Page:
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Cartoon Network to air original live-action programming

The next thing you know, MTV will start airing something other than music videos.

By Michael / June 10, 2010

The debut of Cartoon Network’s newest ongoing series, “Unnatural History” on Sunday night, marks a turning point in the cable channel’s 18-year history.

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The show is the first of its kind for the network, an original live-action scripted series. It centers on teenager Henry Griffin, who’s sort of like a Young Indiana Jones by way of “Freaks and Geeks.” Raised around the world by his explorer parents, Henry experiences culture shock when he’s sent to live with his uncle in Washington, D.C., and enrolled in a special high school located on the grounds of the Natural History Museum.

The show’s pulp adventure premise puts Henry (Kevin Schmidt), his cousin Jasper (Jordan Gavaris) and pal Maggie (Italia Ricci) in the middle of all sorts of mysterious capers. But while Henry can chuck a spear, climb up the side of a building and identify rare poisons, he has no clue how to navigate the locker room jungle. If it sounds a bit like a postmodern Tarzan, you’re not far off, said the show’s creator, Mike Werb.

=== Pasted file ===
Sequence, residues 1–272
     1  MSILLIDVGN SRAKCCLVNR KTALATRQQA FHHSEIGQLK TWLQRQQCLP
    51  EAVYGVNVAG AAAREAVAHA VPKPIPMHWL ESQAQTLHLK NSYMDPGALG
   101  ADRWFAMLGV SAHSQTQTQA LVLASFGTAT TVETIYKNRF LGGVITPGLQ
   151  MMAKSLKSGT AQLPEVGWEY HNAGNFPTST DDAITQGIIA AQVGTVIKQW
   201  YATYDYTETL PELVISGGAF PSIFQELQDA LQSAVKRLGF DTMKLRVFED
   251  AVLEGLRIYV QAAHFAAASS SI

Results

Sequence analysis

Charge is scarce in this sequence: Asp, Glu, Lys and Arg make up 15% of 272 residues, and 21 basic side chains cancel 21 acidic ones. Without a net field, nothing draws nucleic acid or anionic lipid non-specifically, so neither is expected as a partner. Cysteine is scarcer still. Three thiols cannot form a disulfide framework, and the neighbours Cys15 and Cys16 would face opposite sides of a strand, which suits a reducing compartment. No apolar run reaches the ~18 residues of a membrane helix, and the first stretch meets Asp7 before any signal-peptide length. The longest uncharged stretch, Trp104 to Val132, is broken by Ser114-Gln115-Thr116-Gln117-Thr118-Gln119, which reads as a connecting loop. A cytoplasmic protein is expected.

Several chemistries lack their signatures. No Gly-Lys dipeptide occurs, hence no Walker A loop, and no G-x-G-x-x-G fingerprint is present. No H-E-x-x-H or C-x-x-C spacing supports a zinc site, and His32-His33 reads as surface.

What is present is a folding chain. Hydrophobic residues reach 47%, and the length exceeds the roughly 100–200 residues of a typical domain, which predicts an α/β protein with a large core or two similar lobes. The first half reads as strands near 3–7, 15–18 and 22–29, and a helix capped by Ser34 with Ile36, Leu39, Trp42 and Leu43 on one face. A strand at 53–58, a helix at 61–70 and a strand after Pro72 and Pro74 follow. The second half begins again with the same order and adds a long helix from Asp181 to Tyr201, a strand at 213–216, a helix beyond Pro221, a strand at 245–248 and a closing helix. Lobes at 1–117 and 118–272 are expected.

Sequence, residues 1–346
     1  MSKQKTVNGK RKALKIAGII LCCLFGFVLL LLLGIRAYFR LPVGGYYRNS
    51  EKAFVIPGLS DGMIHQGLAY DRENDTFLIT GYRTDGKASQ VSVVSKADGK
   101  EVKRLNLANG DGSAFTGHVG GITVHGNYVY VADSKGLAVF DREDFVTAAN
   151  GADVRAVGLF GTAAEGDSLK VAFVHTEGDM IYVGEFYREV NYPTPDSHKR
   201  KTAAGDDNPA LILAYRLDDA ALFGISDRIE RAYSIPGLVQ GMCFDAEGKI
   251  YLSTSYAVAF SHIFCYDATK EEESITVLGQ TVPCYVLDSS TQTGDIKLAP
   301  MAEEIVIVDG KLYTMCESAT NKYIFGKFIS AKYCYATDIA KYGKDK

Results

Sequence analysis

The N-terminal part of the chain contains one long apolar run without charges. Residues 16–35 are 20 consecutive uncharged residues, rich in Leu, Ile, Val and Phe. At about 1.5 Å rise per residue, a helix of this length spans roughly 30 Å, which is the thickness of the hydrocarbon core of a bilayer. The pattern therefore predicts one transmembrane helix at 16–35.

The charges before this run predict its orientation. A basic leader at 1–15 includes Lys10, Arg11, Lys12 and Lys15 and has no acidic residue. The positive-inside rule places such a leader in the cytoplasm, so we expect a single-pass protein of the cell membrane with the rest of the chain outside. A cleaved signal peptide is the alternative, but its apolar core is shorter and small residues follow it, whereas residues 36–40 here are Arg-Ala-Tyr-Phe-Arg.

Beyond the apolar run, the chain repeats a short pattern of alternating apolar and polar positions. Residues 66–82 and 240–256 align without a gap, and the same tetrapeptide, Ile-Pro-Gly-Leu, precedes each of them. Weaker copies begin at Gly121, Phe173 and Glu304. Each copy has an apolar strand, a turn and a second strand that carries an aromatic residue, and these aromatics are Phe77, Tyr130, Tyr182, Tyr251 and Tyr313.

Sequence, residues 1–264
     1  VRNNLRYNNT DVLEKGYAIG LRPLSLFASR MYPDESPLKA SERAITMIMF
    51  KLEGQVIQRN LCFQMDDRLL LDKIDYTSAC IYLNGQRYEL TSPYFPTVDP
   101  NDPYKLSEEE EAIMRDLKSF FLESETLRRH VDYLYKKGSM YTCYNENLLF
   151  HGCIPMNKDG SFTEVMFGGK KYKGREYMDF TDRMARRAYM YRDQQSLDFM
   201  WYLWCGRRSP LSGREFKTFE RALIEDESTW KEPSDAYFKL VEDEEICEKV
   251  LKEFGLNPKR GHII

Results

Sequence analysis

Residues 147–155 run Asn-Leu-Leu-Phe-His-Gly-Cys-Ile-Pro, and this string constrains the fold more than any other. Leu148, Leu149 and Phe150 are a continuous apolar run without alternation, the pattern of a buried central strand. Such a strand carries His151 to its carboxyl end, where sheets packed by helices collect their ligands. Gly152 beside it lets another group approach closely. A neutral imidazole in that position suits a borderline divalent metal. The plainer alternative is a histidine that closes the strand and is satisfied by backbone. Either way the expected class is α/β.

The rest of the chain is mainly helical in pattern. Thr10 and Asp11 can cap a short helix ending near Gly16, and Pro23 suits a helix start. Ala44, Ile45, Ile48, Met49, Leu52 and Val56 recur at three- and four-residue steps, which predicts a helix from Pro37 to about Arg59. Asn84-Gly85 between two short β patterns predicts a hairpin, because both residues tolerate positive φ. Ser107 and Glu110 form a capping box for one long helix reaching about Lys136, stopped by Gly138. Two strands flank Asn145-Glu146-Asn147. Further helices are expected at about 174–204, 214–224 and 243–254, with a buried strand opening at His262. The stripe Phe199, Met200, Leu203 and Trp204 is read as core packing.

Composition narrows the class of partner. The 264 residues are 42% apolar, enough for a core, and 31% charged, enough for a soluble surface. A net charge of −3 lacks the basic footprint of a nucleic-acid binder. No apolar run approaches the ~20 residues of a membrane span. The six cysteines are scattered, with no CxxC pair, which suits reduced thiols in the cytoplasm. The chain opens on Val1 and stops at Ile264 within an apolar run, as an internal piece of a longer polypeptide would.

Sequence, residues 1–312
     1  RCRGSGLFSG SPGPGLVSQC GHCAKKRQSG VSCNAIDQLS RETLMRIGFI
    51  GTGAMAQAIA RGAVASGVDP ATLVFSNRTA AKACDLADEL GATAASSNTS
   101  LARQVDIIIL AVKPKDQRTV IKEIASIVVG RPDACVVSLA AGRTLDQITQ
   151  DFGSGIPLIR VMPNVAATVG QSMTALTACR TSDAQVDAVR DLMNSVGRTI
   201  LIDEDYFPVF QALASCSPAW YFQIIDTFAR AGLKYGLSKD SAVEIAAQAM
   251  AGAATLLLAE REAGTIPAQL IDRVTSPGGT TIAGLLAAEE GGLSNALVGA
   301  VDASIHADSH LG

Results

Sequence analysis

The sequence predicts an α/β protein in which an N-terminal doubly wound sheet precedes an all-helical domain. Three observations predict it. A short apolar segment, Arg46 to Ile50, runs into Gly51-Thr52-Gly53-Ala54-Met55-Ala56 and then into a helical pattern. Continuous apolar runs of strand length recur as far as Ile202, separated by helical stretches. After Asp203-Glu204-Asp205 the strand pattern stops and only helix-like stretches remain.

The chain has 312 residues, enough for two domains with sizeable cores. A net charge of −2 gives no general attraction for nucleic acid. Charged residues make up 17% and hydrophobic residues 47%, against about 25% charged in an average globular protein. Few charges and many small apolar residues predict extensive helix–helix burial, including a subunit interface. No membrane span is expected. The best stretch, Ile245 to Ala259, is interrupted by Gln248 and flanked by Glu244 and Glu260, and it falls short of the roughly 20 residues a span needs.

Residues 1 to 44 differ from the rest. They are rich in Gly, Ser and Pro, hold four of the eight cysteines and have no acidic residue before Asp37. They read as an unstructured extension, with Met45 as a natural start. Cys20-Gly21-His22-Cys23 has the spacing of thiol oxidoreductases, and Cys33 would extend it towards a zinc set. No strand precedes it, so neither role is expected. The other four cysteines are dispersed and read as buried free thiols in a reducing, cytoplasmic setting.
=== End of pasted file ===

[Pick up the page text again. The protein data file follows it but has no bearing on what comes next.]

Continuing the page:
“He’s sort of like the scientific version of an Army brat. He’s moved around from place to place,” said Werb, who actually worked on a TV adaptation of the "Lord of the Apes," and also wrote the screenplay for "The Mask."

Major commitment

The show’s concept spun out from Werb’s lifelong love of history, fascination with global travels, and what he described as the “typical writer experience of a miserable high school experience.”

“Henry butts up against social conventions and modern high school life,” Werb said. “The kid who can read Sanskrit and ancient dead languages, has no idea how to text.”

“Unnatural History” is a major commitment for Cartoon Network, and a significant risk.

Adding live-action programming could lead some of the channel’s longtime fans to wonder if the home of Johnny Bravo, the Powerpuff Girls and Ben 10, is abandoning its animation roots.

Absolutely not, says CN’s Chief Content Officer Rob Sorcher. “We’re a big network that has a full complement of programming in all formats. The introduction of “Unnatural History” and “Tower Prep” [which debuts in the fall] is part of an overall expansion of programming on Cartoon Network.”

Shocking shift?

Live-action isn’t a completely foreign concept for CN.

The unscripted shows “Destroy Build Destroy” and “Dude, What Would Happen?” are solid hits, and the 2007 live-action film “Ben 10: Race Against Time” also performed well. And really, if a genre-specific channel like the Sci-Fi Channel could feel the need to rebrand itself as the more inclusive SYFY and add reality shows and wrestling to its science fiction and supernatural lineup, is it really all that shocking to see Cartoon Network add live-action programming?

The channel is simply following a path paved by many other cable networks that began offering very specific content, before eventually broadening its programming palette.

“Network must continually look to their programming to provide viewers with fresh programming that is relevant to them and in keeping with the network’s mission,” stated Jennifer Bartner Indeck, Media Director for Luminosity Marketing.